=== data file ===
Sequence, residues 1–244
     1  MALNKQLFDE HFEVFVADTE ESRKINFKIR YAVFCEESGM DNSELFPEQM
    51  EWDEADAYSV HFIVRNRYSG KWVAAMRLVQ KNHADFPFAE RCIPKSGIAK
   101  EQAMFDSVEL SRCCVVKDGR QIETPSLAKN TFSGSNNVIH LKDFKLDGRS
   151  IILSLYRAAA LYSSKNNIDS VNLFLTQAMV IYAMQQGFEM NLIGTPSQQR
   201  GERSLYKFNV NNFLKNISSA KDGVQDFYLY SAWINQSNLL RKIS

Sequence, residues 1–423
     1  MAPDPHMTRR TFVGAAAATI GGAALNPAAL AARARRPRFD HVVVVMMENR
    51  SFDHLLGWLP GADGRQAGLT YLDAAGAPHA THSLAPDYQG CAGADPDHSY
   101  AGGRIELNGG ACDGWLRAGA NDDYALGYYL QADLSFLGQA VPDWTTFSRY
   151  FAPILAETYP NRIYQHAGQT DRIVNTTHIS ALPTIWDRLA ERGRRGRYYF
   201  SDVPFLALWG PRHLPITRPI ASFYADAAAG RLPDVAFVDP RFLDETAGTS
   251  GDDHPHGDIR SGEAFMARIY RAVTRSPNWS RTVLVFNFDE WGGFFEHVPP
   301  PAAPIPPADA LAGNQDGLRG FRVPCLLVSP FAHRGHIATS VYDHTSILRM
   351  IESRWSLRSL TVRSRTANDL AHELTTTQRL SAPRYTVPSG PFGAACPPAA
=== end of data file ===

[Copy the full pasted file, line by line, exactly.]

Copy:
Sequence, residues 1–244
     1  MALNKQLFDE HFEVFVADTE ESRKINFKIR YAVFCEESGM DNSELFPEQM
    51  EWDEADAYSV HFIVRNRYSG KWVAAMRLVQ KNHADFPFAE RCIPKSGIAK
   101  EQAMFDSVEL SRCCVVKDGR QIETPSLAKN TFSGSNNVIH LKDFKLDGRS
   151  IILSLYRAAA LYSSKNNIDS VNLFLTQAMV IYAMQQGFEM NLIGTPSQQR
   201  GERSLYKFNV NNFLKNISSA KDGVQDFYLY SAWINQSNLL RKIS

Sequence, residues 1–423
     1  MAPDPHMTRR TFVGAAAATI GGAALNPAAL AARARRPRFD HVVVVMMENR
    51  SFDHLLGWLP GADGRQAGLT YLDAAGAPHA THSLAPDYQG CAGADPDHSY
   101  AGGRIELNGG ACDGWLRAGA NDDYALGYYL QADLSFLGQA VPDWTTFSRY
   151  FAPILAETYP NRIYQHAGQT DRIVNTTHIS ALPTIWDRLA ERGRRGRYYF
   201  SDVPFLALWG PRHLPITRPI ASFYADAAAG RLPDVAFVDP RFLDETAGTS
   251  GDDHPHGDIR SGEAFMARIY RAVTRSPNWS RTVLVFNFDE WGGFFEHVPP
   301  PAAPIPPADA LAGNQDGLRG FRVPCLLVSP FAHRGHIATS VYDHTSILRM
   351  IESRWSLRSL TVRSRTANDL AHELTTTQRL SAPRYTVPSG PFGAACPPAA